Free Report: Java Tools & Technologies Landscape for 2014
A Global Survey of 2,164 Java Professionals
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What’s going on in Java these days?
Last year, we tackled two particular challenges that really matter to productive software organizations: software quality (got bugs?) and the predictability of delivery (last week or next year?). We learned a lot from that one!
But now we feel like it’s time to revisit the broader tools & technologies landscape in Java these days, collect some data, crunch some numbers and see what’s going on in the market at large. And what better way than a huge leaderboard of tools and technologies currently running the show as of May 2014!!
As you can guess, in some categories multiple tools are often used in conjunction, so we allowed for multiple selections (denoted by *). For answers where a statistically significant portion (over 5%) of respondents selected “Do not use”, the responses have been normalized (denoted by º) to exclude non-user groups.
It probably comes as no surprise that among the 2164 developers we surveyed, Java SE 7 (65%) is used by two-thirds of developers, but even more are using JUnit (82.5%), the most-used single technology across the entire Java landscape. And a good thing too: unit testing is key for making sure your app gets out the door. Next is Jenkins (70%), our favorite Lord of the Butlers, which is used by nearly 3 out of 4 developers that use Continuous Integration tools (1 in 5 does not). We've seen distributed VCS come a long way in recent years, and Git (69%) is now non-exclusively used by over two-thirds of developers – often alongside Subversion (57%).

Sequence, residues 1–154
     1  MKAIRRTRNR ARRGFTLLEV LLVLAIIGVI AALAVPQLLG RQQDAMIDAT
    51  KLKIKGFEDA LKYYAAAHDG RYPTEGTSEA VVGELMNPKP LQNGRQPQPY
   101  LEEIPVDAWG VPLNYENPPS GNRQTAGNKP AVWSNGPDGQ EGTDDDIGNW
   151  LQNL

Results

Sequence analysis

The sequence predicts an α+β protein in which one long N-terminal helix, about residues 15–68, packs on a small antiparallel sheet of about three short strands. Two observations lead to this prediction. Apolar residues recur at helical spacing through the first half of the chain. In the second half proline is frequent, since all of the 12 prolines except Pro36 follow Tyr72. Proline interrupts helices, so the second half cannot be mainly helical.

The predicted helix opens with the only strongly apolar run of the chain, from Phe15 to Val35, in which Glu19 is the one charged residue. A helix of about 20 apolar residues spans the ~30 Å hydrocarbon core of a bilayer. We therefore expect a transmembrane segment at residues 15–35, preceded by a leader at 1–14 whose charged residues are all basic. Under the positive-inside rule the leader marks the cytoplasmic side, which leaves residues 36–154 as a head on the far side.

Taking in the next set of tech leaders really completes the Enterprise Java picture – Hibernate (67.5%), Maven and Nexus (64%), Tomcat (50%) and Eclipse (48%) gives you more or less a decent foundation of a basic, no frills enterprise development stack.
But don't think the last words have been had yet…because in this report we asked a few questions that directly highlight the feelings of developers towards certain technologies.